TREIBSTOFF: Should PR-Pros implement Snapchat and Instagram into their PR campaign?
LYNCH: Before adding a social network to PR campaigns, communicators need to first determine if their audience is actually present and engaging on those networks. Then, they can craft a strategy for each of those networks that can engage those audiences and drive them to their desired actions. It’s important to consider that metrics and measurement associated with Instagram and Snapchat are currently limited and not as robust as the big three (Twitter, Facebook, LinkedIn) and it may be harder to prove the ROI.
TREIBSTOFF: How about mobile communication, is it still on the rise in the USA?
LYNCH: Journalists are more prepared today to engage in a digital-first environment and they see sponsored content and native advertising as less important than last year. When asked to explain their choices, the issues most often mentioned included the drive towards mobile readership and an increase in video requirements based on readers’ demands.
TREIBSTOFF: Could you describe the mobile communication development?
LYNCH: While television remains the primary source for news consumption among Americans, there has been a trend among those who prefer their method of news consumption through reading towards online mediums and away from print. Between 2013 and 2016, a Pew research poll found that the consumption of online news media through mobile devices increased from 54 percent to 72 percent, and consumption on desktops or laptops decreased from 82 percent to 79 percent.
TREIBSTOFF: What advice would you give companies planning to use multimedia content in the future?
LYNCH: This year’s research indicates that media professionals and journalists are trying to make their stories and content more interactive. When asked which multimedia or data elements they have included in articles over the past two to three years, results show journalists are now more likely to use images, videos, infographics and user generated multimedia than data assets.
To increase the relevance of the images provided to journalists, communicators should include photo credits and captions which clearly describe a photo’s content, as well as the dateline city and the source (who is responsible for the news and images). By including images in a release or a pitch, PR professionals can both increase its relevance and the likelihood that it will get picked up.
TREIBSTOFF: Could you provide some examples for successful PR campaigns, which have generated large coverage?
LYNCH: Some examples that come to mind of recent PR campaigns that have been highly successful include the Always #LikeAGirl campaign, the pharmacy chain CVS’ “CVS Quits” campaign which focused on removing tobacco products from its shelves as well as the introduction of a program to help individuals quit smoking, and the skincare brand Nivea’s “Sunslide” campaign aimed at increasing awareness of skin cancer in relation to sun exposure. Lockheed Martin’s Generation Beyond campaign has also made strides in the latest trend, Virtual Reality (VR) with ‘The Mars Bus,' which provided kids with an interactive simulated drive along the planet’s surface.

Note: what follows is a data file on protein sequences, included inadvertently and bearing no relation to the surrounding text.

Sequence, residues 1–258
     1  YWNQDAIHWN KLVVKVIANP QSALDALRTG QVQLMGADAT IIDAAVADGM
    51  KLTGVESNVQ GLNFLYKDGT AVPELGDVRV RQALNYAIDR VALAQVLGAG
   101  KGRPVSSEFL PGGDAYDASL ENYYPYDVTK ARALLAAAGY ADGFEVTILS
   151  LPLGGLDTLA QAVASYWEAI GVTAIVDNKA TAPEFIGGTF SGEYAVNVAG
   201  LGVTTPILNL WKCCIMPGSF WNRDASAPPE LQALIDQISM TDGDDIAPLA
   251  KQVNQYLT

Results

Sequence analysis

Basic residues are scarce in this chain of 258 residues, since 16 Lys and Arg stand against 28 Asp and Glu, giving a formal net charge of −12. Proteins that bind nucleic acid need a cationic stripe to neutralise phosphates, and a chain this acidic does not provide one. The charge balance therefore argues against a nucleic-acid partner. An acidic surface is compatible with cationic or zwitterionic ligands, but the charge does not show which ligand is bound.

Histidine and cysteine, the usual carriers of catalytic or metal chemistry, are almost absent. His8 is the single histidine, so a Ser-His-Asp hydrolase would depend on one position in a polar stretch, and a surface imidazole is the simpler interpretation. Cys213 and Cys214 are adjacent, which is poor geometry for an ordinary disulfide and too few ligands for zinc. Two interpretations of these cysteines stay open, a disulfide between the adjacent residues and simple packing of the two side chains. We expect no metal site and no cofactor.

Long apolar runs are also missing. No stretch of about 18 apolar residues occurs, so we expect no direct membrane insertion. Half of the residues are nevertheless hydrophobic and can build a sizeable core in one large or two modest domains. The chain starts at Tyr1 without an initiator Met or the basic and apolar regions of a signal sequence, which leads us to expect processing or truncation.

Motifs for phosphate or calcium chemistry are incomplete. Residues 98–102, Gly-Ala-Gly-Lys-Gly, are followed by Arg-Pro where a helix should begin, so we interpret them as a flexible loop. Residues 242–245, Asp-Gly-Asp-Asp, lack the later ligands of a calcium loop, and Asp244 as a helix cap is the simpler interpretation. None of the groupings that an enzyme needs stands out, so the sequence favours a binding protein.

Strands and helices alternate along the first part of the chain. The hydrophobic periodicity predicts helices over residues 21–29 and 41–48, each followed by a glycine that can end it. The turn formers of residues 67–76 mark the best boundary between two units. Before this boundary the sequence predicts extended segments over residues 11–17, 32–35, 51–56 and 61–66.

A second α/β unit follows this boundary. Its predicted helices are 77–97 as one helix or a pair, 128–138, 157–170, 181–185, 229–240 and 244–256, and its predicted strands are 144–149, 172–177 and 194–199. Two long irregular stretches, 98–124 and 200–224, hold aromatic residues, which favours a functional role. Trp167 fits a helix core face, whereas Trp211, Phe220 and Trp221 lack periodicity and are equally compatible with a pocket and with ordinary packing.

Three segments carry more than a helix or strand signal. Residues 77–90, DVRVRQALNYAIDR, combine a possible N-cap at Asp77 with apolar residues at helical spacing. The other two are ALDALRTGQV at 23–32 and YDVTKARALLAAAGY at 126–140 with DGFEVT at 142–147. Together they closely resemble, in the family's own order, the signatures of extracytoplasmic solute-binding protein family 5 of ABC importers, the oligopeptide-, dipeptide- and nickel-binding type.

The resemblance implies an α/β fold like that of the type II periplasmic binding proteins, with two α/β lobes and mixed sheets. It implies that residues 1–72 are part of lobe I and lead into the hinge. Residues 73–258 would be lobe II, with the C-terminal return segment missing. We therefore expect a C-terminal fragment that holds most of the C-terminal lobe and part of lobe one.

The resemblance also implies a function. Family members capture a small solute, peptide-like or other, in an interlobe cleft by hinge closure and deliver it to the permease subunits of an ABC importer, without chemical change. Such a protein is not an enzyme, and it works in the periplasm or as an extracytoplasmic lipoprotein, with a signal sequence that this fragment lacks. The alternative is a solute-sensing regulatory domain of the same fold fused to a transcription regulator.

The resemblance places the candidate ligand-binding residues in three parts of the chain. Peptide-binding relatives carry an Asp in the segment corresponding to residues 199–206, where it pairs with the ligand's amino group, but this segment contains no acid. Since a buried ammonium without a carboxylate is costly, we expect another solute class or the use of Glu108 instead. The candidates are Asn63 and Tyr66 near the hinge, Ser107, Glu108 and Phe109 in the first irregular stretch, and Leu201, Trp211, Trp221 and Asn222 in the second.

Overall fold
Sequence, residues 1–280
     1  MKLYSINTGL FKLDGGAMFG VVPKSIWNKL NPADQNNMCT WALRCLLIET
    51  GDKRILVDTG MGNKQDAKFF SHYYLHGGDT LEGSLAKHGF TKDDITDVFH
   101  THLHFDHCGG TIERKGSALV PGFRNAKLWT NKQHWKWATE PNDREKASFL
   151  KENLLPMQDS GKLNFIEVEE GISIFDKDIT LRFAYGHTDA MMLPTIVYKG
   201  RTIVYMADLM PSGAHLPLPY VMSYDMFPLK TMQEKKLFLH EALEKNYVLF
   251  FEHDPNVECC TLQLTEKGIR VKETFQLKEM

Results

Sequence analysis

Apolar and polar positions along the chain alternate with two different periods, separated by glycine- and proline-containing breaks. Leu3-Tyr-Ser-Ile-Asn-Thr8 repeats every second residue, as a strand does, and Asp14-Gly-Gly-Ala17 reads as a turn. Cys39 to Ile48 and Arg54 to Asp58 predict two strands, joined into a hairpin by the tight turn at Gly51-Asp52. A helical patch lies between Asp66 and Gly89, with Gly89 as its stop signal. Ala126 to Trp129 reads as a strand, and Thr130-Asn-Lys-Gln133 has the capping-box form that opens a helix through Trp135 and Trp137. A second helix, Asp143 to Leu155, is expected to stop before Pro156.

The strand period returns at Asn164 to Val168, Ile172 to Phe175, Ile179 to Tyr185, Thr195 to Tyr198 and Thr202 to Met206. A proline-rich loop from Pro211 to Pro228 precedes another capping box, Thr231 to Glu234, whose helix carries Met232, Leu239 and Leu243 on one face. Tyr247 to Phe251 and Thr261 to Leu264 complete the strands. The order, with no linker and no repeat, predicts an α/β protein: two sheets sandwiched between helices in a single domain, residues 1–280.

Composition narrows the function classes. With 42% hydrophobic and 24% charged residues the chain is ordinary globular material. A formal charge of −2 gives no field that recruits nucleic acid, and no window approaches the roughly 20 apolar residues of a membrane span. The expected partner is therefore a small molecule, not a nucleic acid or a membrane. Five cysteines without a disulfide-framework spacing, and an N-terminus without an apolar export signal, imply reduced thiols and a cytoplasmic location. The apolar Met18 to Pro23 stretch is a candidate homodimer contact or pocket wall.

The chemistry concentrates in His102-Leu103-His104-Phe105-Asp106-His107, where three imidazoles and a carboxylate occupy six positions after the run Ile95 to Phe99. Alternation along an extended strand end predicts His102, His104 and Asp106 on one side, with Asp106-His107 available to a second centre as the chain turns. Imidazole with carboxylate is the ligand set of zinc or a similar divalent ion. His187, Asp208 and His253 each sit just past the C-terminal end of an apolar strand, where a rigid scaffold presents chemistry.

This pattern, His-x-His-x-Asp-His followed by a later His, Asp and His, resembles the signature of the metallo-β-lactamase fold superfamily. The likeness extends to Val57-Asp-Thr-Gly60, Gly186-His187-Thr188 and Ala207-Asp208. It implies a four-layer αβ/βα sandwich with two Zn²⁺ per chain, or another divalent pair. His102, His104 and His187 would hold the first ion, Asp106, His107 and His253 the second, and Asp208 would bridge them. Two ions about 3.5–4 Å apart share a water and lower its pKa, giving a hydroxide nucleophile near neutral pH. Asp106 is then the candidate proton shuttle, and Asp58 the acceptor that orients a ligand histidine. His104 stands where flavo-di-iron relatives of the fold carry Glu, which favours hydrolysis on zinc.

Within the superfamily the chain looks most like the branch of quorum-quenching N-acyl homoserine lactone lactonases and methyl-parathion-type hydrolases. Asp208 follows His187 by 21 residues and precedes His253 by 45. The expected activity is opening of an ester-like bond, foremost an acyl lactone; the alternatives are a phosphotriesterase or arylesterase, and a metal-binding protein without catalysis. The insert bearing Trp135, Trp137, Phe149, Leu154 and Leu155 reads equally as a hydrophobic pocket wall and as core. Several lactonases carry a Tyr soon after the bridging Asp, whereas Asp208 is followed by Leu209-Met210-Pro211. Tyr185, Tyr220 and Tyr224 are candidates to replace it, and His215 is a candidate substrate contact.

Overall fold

TREIBSTOFF: Let´t talk about the current situation in the US: Since Donald Trump’s inauguration US media companies are emergently under pressure, e.g. for accusations of producing “fake news”. How does the US media deal with these kind of accusations? Also, what measures are taken to avoid distribution of false or misleading information?
LYNCH: Dating back to what is likely the dawn of our nation, the reality of “fake news” has existed within our press and is something the public has had to deal with. Take for example Thomas Jefferson’s thoughts on the media in a letter from 1807: “Nothing can now be believed which is seen in a newspaper. Truth itself becomes suspicious by being put into that polluted vehicle… I will add, that the man who never looks into a newspaper is better informed than he who reads them; inasmuch as he who knows nothing is nearer to truth than he whose mind is filled with falsehoods & errors.” Given that “fake news” has been around for centuries, and shows no signs of disappearing, the media has to focus on distinguishing itself from the label of “fake news” by delivering better quality content. The Columbia Journalism Review’s David Uberti hits this idea right on the head: “The unfair reality is that the press needs to do better. A more affirmative case to trust us, not them—through sharp reporting that recognizes its own faults—is in order. While fake news and bad reporting both threaten the accuracy of information that reaches the public, journalists have real power to affect just one of the two.”
That said, sometimes the media being criticized can historically create a boon and desire by consumers for better news due to how they're treated by politicians. For example, in his re-election for president in 1972, Richard Nixon was sharply critical of the media and their coverage of his presidency. A year or so later, we had Watergate because it turned out some of the questions the Washington Post were asking were valid. So for the media outlets that are adhering to facts and truth, they do have a great future here.
TREIBSTOFF: Under the given circumstances what will be the role of the media in the 21st century?
LYNCH: I believe the role of the media will be to continue to serve as a source of truth and factual information for the public - but of a higher caliber - if it is to remain a source of trust and influence. Respondents in our report believe that there are three primary points news outlets can focus on to help regain the public’s trust: focusing on more “fact-based” reporting than “opinion-based” coverage, as well as ensuring higher quality standards when it comes to “accuracy” and “sources.”